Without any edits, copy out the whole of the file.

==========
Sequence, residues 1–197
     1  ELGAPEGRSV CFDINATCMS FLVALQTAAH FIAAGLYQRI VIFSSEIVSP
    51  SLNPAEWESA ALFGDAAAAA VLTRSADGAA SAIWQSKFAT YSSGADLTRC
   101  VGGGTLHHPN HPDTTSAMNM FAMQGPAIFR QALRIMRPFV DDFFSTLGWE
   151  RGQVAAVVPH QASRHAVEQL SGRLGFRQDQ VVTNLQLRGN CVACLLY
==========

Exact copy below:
Sequence, residues 1–197
     1  ELGAPEGRSV CFDINATCMS FLVALQTAAH FIAAGLYQRI VIFSSEIVSP
    51  SLNPAEWESA ALFGDAAAAA VLTRSADGAA SAIWQSKFAT YSSGADLTRC
   101  VGGGTLHHPN HPDTTSAMNM FAMQGPAIFR QALRIMRPFV DDFFSTLGWE
   151  RGQVAAVVPH QASRHAVEQL SGRLGFRQDQ VVTNLQLRGN CVACLLY